Liverpool defender Gomez: I can’t blame Southgateby Paul Vegasa month agoSend to a friendShare the loveLiverpool defender Joe Gomez accepts he needs to be playing to earn his England spot.Three Lions boss Gareth Southgate rates Gomez highly but the Liverpool centre-half has found himself behind Everton ‘s Michael Keane in the England pecking order, with Harry Maguire and John Stones the current first choices.The Kop defender said: “I cannot blame him (Southgate). He speaks to me and is a great manager but if you meet up with England you are expected to be playing so I have to keep working hard.“I have not been playing and every footballer wants to be playing.”At the same time I understand that we are European champions and the lads are doing very well at the minute so all I can do is keep my head down, keep working hard in training, and wait for my chance.”You cannot sit there and be down. You have to stay positive and do yourself justice when the time comes.“You need to show the good attitude otherwise you will do yourself harm.” About the authorPaul VegasShare the loveHave your say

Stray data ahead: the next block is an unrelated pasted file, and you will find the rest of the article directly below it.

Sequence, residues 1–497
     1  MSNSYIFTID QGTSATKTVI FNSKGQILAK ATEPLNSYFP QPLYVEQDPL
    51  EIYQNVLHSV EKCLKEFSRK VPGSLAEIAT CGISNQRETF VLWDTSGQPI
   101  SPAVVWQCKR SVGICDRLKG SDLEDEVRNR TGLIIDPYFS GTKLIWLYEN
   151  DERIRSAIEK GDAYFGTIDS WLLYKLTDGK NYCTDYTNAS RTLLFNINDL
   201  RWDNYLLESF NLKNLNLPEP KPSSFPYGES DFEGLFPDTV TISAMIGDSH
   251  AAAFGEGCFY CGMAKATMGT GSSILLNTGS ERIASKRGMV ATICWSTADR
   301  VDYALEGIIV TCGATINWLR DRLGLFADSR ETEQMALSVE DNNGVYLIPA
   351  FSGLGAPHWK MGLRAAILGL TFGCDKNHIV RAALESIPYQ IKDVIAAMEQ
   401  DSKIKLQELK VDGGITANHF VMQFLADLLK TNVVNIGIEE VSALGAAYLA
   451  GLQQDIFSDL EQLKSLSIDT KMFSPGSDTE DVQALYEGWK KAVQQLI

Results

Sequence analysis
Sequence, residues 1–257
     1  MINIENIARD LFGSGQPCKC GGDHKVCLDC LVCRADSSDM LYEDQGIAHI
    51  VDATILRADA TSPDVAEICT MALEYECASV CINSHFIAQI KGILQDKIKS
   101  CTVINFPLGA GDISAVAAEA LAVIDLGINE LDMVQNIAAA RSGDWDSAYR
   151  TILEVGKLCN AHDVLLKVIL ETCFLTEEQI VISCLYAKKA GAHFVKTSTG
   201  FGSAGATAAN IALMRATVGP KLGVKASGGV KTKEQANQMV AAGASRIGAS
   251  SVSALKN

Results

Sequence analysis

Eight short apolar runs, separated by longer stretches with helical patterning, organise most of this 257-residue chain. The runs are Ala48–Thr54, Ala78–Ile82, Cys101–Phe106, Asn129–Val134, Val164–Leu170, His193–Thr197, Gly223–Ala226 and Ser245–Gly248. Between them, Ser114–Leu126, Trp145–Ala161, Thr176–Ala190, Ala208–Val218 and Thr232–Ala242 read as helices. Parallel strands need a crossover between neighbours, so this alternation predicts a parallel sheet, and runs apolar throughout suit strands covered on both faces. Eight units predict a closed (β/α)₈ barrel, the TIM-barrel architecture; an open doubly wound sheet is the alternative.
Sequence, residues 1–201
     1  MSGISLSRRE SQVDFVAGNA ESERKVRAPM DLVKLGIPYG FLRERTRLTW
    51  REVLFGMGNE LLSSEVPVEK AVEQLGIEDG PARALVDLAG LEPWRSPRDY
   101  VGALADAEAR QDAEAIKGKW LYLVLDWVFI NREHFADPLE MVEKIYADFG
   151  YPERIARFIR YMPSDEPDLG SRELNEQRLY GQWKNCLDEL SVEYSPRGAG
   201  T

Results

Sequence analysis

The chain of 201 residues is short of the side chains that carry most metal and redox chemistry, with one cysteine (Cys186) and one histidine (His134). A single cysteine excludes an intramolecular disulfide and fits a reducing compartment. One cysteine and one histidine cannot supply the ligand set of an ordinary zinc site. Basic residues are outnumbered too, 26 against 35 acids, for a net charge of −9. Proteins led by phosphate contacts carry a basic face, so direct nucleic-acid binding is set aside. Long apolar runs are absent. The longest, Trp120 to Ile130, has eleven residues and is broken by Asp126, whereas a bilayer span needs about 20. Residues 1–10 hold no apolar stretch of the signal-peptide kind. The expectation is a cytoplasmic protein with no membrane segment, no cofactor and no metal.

New Delhi/Srinagar: Congress leader Rahul Gandhi along with a delegation of various Opposition leaders who reached Jammu and Kashmir on Saturday afternoon to review the situation in the state was sent back to Delhi, according to reports. This came days after they held a protest rally at Jantar Mantar in New Delhi to demand the immediate release of political leaders detained in Kashmir.The delegation includes Communist Party of India leader D Raja, Communist Party of India (Marxist) leader Sitaram Yechury, Congress leaders Ghulam Nabi Azad, Anand Sharma and K C Venugopal, Loktantrik Janata Dal chief Sharad Yadav, Trinamool Congress leader Dinesh Trivedi, Dravida Munnetra Kazhagam leader Tiruchi Siva, Nationalist Congress Party leader Majeed Memon, Rashtriya Janata Dal MP Manoj Jha and Janata Dal (Secular) leader D Kupendra Reddy. Also Read – India gets first tranche of Swiss bank a/c detailsGandhi said he accepted Jammu and Kashmir Governor Satya Pal Malik’s invitation and visited the state. “We wanted to get a sense of what people are going through, but we weren’t allowed beyond the airport,” he told a news agency. The former Congress president also claimed that the media who were with them had been beaten and mishandled. “It’s clear that situation in Jammu and Kashmir isn’t normal,” Gandhi said. Rajya Sabha MP Ghulam Nabi Azad said the situation in the state was terrifying. “The stories we heard from the passengers of Kashmir present in our flight, would bring tears even to a stone,” he was quoted as saying in a report. The delegation later wrote a letter to Budgam District Magistrate. “We record our strong objection to the basis of our detention, which prima facie is undemocratic and unconstitutional.” The Congress lashed out at the government for halting their visit and asked what the “government is trying to hide”. “If the situation in Jammu and Kashmir is ‘normal’ as the government claims, why has the delegation of Opposition leaders led by Rahul Gandhi been sent back from Srinagar airport,” Congress questioned in a tweet. “What is the Modi govt trying to hide?”